Flipping the Narrative is an ongoing series that aims to put the voices of refugees, asylum seekers, and migrants at the centre of conversations about the policies and events that shape their lives.

An uneven dirt road runs past shops selling dried goods and essential items in Bidi Bidi refugee settlement, empty in the early morning. August 2023.

EXCLUSIVE: How a WFP food aid revamp has gone wrong for refugees in Uganda

Aid officials and refugees say the prioritisation scheme has been disastrous, citing increases in crime, child marriage, prostitution, and sexual abuse.

We see a group of people holding their right hand to the left side of their chest, as if singing a national anthem.

After two years in Poland, Ukrainian refugees ask when – and if – they will go home

In Ukraine, 9.7 million Ukrainians remained forcibly displaced by the end of 2023. Nearly one million Ukrainian refugees live in Poland, 41% of them school-age children. How much of a new life should they build; and when – if ever – will they be able to return home?

Two people walking up a staircase towards money that's hanging from strings.

How to fund refugee-led aid

Refugee-led organisations (RLOs) are key first-responders in the communities they are a part of and serve. But RLOs received just $26.4 million in traceable humanitarian and development funding in 2022, a recent study found. 

Venezuelan migrants carrying luggage are pictured as they get on a government bus at the Simon Bolivar International airport.

Latin America makes it harder for Venezuelan refugees as xenophobia mounts

Venezuelan refugees and migrants face rising xenophobia and growing challenges to integrate into host countries across Latin America, even as President Nicolás Maduro’s latest wave of repression ahead of July elections threatens new migration outflows.

What's Unsaid podcast teaser picture with a portrait photo in black and white of Victor Nyamori mid-speech, over a radial gradient background. The color at the center is a purplish blue and the color outside is green. On the top right, a bit skewed to the right we see the title of the podcast: What’s Unsaid.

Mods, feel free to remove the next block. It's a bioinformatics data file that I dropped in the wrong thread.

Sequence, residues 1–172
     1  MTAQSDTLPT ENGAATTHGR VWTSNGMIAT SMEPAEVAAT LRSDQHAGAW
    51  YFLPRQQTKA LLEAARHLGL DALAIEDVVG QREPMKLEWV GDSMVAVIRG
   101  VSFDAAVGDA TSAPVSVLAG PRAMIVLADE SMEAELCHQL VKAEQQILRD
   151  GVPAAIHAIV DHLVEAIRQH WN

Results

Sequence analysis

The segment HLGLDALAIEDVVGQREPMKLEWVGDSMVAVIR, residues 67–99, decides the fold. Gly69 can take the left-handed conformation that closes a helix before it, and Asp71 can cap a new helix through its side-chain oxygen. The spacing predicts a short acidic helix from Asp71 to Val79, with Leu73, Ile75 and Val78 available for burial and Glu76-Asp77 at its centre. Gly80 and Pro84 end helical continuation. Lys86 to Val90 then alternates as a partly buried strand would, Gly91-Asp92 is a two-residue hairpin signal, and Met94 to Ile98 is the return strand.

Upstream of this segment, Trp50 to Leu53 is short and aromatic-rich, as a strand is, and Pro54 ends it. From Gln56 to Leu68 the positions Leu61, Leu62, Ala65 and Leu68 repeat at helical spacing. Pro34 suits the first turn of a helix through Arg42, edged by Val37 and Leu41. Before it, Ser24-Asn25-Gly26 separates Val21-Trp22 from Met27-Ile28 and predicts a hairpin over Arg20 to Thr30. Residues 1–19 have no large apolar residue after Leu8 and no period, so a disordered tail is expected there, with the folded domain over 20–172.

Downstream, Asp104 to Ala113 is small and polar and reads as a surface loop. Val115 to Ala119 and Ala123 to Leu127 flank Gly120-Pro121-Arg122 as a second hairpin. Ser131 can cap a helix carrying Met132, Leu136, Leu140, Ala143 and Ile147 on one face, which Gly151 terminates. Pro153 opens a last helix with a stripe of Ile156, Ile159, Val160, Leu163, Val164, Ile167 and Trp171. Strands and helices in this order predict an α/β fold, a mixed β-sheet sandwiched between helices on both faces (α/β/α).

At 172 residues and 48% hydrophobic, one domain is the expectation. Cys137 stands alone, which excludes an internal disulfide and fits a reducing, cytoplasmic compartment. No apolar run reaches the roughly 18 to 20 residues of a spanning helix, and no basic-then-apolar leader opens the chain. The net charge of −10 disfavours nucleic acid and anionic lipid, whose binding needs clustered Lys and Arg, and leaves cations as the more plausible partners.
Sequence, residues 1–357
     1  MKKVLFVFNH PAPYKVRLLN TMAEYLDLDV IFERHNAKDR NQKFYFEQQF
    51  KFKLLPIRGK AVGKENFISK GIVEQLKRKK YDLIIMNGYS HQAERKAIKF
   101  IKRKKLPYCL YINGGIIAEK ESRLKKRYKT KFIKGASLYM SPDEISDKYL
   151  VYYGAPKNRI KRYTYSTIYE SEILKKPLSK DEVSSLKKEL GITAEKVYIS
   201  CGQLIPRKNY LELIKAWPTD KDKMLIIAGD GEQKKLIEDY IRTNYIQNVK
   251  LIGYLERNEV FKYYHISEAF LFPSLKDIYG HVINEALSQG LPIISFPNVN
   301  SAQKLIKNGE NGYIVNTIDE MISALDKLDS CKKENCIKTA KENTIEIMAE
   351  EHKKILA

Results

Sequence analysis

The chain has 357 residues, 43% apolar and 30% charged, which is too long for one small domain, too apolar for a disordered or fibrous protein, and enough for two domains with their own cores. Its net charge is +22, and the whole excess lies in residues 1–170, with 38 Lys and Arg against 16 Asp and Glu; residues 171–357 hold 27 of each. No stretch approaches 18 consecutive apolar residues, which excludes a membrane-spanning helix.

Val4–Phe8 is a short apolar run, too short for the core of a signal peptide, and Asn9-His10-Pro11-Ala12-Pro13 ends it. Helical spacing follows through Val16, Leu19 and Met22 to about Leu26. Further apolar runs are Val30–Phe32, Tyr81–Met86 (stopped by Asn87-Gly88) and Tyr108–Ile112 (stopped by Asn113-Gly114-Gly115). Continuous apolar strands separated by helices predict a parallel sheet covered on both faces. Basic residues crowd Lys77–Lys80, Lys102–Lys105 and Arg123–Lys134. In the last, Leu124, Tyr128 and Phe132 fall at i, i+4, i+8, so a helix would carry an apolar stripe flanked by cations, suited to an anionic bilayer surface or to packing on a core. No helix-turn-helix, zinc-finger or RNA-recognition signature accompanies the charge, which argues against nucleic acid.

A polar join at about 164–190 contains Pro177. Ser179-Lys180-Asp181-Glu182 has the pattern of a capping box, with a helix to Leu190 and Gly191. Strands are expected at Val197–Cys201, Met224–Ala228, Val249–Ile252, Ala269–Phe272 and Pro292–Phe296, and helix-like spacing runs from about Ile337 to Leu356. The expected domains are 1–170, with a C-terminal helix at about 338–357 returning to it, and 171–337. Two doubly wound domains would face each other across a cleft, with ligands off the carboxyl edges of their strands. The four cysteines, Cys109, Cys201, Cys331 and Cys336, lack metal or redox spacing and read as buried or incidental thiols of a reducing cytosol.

What’s Unsaid | Kenya’s new integration plan for refugees: Hope or hype?

Last year, the Kenyan government announced a plan that could transform the lives of the more than 600,000 refugees sheltering in the country – ending a three-decade-old policy that has forced them to remain in isolated, overcrowded, and chronically underfunded camps.

Isaac Ankora is pictured at the left side of the frame, looking into the distance towards the right. A dirt road surrounded by green foliage is in the background.

Why refugee ration cuts in Uganda risk long-term social damage 

Refugees in Uganda are turning to increasingly desperate measures following drastic reductions in humanitarian aid, yet the worst effects of these cuts are yet to be seen as their social networks buckle trying to fill the gaps left by aid agencies.

A group of people are loading a pick-up truck with goods at Ourang refugee camp in eastern Chad.

Reporter’s diary: Inside Darfur’s neglected refugee crisis

More than half a million Darfuris have been driven into neighbouring Chad by the civil war in Sudan. In this reporter’s diary, investigative journalist Hafiz Haroun flags a neglected refugee crisis marked by food and medicine shortages, and inadequate shelters. 

This photo shows large groups of people gathering to receive the humanitarian aid supplies that are being airdropped by plane through parachutes into the city of Khan Yunis. You can see two parachutes over the crowd.

Opinion | Gaza demands a new kind of humanitarian action 

Yara Asi, an assistant professor at the School of Global Health and Informatics at the University of Central Florida, tells The New Humanitarian that Gaza demands a new kind of humanitarian action: Aid will not fix the damage done by the eight-month Israeli onslaught.

Edited by Andrew Gully.